Local group Stockland Green Against the Cuts, supported by Youth Fight For Jobs are organising a Youth Jobs March on Saturday 19th May, assembling 11am outside the Co-op on Erdington High Street.
No education, no jobs, no homes, no services. This is the bleak future that young people face. We are expected to pay for a crisis caused by the rotten system we live under.
There are currently 1 million 18-14 year olds out of work. This joblessness is a result of the ConDem austerity yet the government tries to punish the unemployed by forcing them to work for their dole. This gives their big business mates the opportunity to get some work done on the cheap.
The cap on tuition fees has been raised to £9,000 a year, pricing many working class people out of universities. And in one of the stingiest attacks, EMA has been scrapped. Education is becoming the preserve of the rich.
Extortionate housing costs and cuts to housing benefit mean that areas such as London will see social cleansing as only the super rich will be able to afford to live there. In Birmingham, 34,500 housing benefit claimants – many of whom are in work – will be chasing 23,000 low cost houses, and it is unknown how many of those are available to people on benefits, as the “No DSS” clause seems to be getting more and more common.
Youth services are being cut to the bone. The riots last year were fuelled by cuts to youth services. If the government carries on its present course then we could see the inner cities set ablaze again.
They say there is no money, but they found the money to bail out their cronies the bankers, and the rich owe £120 billion in unpaid taxes!
Fight for a future
Now is the time for young people to fight back! We need to stop the ConDemolition wrecking ball that is smashing our hopes and futures.
Join us in Erdington on Saturday 19th May
Tomorrow is set to be a historic day, with one of the largest strikes in the history of the UK, as millions of public sector workers strike to defend their pensions, rejecting an offer by the government which would see them pay more, work longer and get less in order to pay off the deficit.
Almost every public sector union is taking part in this co-ordinated action, and there are plenty of things happening in Birmingham. This strike is not just about pensions, it is also about cuts, and defending the whole idea of a public sector providing services on the basis of need.
From 4am there will be pickets at refuse collection depots around the city, with other workplace pickets running from 7am. Some confirmations of pickets have been received, and are listed here, but you should expect them at almost every council and government workplace.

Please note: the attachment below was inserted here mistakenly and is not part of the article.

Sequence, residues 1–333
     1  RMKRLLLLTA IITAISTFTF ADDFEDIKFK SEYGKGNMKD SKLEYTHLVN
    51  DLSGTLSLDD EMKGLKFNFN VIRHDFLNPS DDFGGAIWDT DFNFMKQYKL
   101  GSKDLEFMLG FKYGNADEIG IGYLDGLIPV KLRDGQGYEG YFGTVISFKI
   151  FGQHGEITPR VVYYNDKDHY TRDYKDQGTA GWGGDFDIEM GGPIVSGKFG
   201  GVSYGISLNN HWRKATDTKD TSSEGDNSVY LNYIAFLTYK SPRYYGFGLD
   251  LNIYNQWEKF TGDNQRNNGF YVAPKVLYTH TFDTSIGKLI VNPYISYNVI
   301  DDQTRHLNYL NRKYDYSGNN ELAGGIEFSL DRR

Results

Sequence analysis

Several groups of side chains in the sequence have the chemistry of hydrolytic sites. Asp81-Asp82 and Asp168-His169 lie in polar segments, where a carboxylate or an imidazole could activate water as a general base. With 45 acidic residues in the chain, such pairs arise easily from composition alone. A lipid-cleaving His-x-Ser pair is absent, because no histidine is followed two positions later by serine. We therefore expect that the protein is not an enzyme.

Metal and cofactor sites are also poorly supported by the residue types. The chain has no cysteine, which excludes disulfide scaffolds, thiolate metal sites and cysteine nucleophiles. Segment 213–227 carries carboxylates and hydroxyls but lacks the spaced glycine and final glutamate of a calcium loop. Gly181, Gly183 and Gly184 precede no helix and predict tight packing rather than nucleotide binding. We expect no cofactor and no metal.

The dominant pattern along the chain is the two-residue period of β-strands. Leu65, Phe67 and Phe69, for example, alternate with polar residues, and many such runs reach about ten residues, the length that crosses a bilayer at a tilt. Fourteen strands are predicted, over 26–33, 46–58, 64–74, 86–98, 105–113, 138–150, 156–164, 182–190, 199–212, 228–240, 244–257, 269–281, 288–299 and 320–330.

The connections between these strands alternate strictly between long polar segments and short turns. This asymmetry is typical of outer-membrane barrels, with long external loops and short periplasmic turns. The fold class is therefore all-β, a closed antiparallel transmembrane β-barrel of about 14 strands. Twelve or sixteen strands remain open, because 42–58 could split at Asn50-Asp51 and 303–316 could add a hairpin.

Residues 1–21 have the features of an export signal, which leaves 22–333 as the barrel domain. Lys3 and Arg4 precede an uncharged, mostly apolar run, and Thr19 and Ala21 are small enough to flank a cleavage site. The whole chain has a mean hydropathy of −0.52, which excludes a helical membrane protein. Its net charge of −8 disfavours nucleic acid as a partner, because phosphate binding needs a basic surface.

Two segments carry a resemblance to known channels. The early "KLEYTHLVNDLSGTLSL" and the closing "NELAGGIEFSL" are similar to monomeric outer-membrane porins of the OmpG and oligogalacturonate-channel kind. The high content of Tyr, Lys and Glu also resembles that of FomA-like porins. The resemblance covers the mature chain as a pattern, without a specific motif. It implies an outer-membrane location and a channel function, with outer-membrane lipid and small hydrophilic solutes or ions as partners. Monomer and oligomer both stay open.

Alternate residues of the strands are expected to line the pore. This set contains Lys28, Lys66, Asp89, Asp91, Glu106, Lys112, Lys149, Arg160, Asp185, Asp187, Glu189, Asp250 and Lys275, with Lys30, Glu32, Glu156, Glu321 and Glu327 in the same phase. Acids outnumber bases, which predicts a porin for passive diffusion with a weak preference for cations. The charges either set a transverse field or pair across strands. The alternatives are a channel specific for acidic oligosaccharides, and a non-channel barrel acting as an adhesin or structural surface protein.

Parents should have heard from schools as to whether they will close, but with almost every teaching union, including the NAHT head teachers union, on strike we expect to see all schools closed.
At 9am the first local demo, organised by Stirchley and Cotteridge Against the Cuts, gathers in Cotteridge. It will proceed to join the Selly Oak rally, and then the main TUC demo.
10am sees 4 local rallies around Birmingham:
Selly Oak – at the University South Gates, by the New Bristol Road (the newly opened bypass)
Handsworth – By Handsworth Library, Soho Road
Erdington – Six Ways
East Birmingham Heartlands Hospital
These rallies will feed to the main TUC march which assembles from 11:30am at Lionel Street Car Park, and should proceed through the city centre. We have had uncomfirmed reports that Birmingham City Council want to charge us £10,000 to walk through our city! We hope that the TUC do not bow to pressure and pay up, and that we march through the city in defiance of this blatant attempt to prevent us expressing our democratic rights.
The march proceeds to a rally at the NIA which beings at 1:30pm – doors to the NIA open at 12:30pm. The rally has many speakers from the union movement:
CHAIR: Lee Barron, CWU Midlands Regional Secretary & Midlands TUC Chair
Brendan Barber, TUC General Secretary
Kevin Courtney, NUT Deputy General Secretary
Janice Godrich, PCS President
Karen Jennings, Unison Assistant General Secretary
Martin Johnson, ATL Deputy General Secretary
Chris Keates, NASUWT General Secretary
Barry Lovejoy, UCU Head of Further Education
Joe Morgan, GMB West Midlands Regional Secretary
Tony Woodley, UNITE Executive Officer
Tomorrow is set up to be a great day – all it needs now is you!
Remember that you can sign up to a union on the day and still strike, so at work today, or on the picket lines tomorrow, make sure anyone who isn’t unionised knows this, joins up and comes out tomorrow.